Dickinson’s only airport is too small and handles too many passengers, those who operate the facility said Thursday.

However, updates to the Dickinson Theodore Roosevelt Regional Airport could cost up to $150 million, according to the facility’s master plan, and North Dakota and local leaders said it needs to plan for more unexpected growth.

“One, we have to get you going and, two, we have to be flexible,” said Sen. John Hoeven, R-N.D.

Members of the Dickinson City Commission, Dickinson Airport Authority, Federal Aviation Administration and North Dakota Aeronautics Commission discussed the airport’s master plan with Hoeven during a roundtable discussion at the city’s Public Works building.

The plan outlined three proposals to upgrade the airport, all of which would require land acquisition from adjoining landowners and an airline terminal relocation.

“Everything is strained, from the bathrooms to the area where you bring people into just to get tickets and get on the airplanes,” interim airport manager Ken Kussy said. “Think of it this way: You have 200 people in a space that was designed for 30, at the max.”

Traffic has outgrown the airport.

Before 2013, Great Lakes Aviation flew a 30-passenger plane to Denver twice a day and less than 40,000 people walked through Dickinson’s terminal each year. The airport has since added United Airlines flights to Denver and Delta Air Lines flights to Minneapolis. Each airline makes three trips in and out of the airport each day.

The terminal serviced 60,000 passengers last year and handles almost 6,000 planes a month, Kussy said.

KLJ, the Dickinson-based engineering group behind the master plan, estimates the airport could break the 100,000-passenger threshold in five years. Numbers could approach 180,000 a year by 2033, but the master plan shows the numbers leveling off at that point.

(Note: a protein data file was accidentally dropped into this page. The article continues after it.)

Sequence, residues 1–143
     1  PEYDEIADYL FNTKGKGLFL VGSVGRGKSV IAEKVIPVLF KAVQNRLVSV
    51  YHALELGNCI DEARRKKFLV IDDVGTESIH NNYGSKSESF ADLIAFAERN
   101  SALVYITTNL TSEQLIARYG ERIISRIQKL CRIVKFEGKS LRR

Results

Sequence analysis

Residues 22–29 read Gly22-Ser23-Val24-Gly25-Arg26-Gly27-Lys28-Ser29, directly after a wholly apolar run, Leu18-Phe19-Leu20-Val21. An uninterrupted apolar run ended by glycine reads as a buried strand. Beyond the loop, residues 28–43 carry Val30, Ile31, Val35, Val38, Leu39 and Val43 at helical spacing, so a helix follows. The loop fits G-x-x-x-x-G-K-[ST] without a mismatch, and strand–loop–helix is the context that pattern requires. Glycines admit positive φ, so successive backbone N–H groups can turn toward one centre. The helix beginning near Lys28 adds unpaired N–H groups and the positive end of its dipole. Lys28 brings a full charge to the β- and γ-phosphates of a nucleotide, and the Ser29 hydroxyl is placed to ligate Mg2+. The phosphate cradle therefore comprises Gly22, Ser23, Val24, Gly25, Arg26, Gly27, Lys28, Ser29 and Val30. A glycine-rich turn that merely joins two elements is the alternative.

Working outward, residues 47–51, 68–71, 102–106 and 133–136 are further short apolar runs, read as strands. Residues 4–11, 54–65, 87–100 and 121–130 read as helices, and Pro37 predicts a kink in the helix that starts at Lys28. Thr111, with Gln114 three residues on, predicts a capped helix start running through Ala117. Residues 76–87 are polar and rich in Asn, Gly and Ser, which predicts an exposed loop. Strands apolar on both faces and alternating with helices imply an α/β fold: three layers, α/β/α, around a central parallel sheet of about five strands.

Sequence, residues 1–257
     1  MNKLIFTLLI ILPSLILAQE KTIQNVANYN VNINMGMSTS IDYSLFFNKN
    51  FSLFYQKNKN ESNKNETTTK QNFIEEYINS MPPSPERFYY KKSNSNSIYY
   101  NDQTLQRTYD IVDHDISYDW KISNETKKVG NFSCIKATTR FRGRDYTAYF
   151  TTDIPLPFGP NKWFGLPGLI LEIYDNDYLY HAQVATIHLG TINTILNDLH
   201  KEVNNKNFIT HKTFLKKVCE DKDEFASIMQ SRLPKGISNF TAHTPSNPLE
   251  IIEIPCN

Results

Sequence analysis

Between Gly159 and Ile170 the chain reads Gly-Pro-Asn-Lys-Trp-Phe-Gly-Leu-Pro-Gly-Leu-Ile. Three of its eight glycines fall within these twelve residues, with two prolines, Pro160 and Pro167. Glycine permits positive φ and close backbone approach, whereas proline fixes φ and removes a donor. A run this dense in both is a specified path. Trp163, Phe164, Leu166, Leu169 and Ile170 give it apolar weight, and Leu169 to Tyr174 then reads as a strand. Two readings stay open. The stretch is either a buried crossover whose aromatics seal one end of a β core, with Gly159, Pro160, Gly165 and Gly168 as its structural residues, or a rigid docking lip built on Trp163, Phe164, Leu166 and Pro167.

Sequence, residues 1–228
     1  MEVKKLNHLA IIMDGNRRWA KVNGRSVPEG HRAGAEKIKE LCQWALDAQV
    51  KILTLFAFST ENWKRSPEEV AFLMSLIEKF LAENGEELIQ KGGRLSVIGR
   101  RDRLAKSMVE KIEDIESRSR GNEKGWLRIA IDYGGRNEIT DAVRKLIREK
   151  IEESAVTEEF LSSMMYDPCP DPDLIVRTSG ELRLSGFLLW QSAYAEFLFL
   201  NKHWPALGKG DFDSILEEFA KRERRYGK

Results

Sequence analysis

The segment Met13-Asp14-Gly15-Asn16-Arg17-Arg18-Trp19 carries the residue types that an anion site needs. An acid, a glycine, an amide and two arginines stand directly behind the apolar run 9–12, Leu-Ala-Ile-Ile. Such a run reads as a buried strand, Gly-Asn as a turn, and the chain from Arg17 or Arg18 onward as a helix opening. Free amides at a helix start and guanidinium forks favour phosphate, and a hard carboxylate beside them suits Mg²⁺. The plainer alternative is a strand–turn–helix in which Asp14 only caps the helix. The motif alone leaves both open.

Still, engineer Tom Schauer said the numbers could be an underestimate, adding the authority should plan for expansion, if needed.

The runway would be expanded from 100 feet to 150 feet in width and 6,400 feet to 7,700 feet in length, and taxiways would be widened for turning.

A new terminal would also be built. The existing one, which could be repurposed, is 9,500 square feet, Schauer said. The airport needs a terminal that is 49,000 square feet, he said, adding space is forecasted to expand to 63,900 square feet.

The three options would range from $100 million to $150 million, depending on whether the authority uses asphalt or concrete.

The parking lot must be updated, authority board member Bob Zent said. The airport has added paved parking and toll gates, though many vehicles overflow into a dirt parking lot. A rainy summer added to the problem.

“It’s nasty there, and people are going to get tired of putting up with it soon,” Zent said.

The biggest hurdle will be determining the fund shares between federal, state and local governments. The FAA has awarded the authority with more than $1.9 million, which Hoeven advocated for on the airport’s behalf.

Construction is not expected to begin until 2017, though that is “an aggressive goal,” Schauer said. Updates would take five to six years.

Building a new airport would be more expensive, Schauer said, adding it could take 10 to 15 years to complete.

Zent said he understands if there are interruptions, but shutting down the airport at any time is unacceptable, he added.

North Dakota prides itself on “only building what we need,” North Dakota Aeronautics Director Kyle Wanner said.

Still, he and the other participants of the roundtable agreed that Dickinson’s airport must be upgraded. The airport has seen 20 to 30 years of growth in just a few years, Schauer said, adding Dickinson has entered the regional airport era.

“That’s your front door to your community,” Schauer said. “I think someone talked about when you fly into Dickinson, what is the image that you get?

“What experience are you leaving them with?”

Baumgarten is the assistant editor of The Dickinson Press. Contact her at 701-456-1210.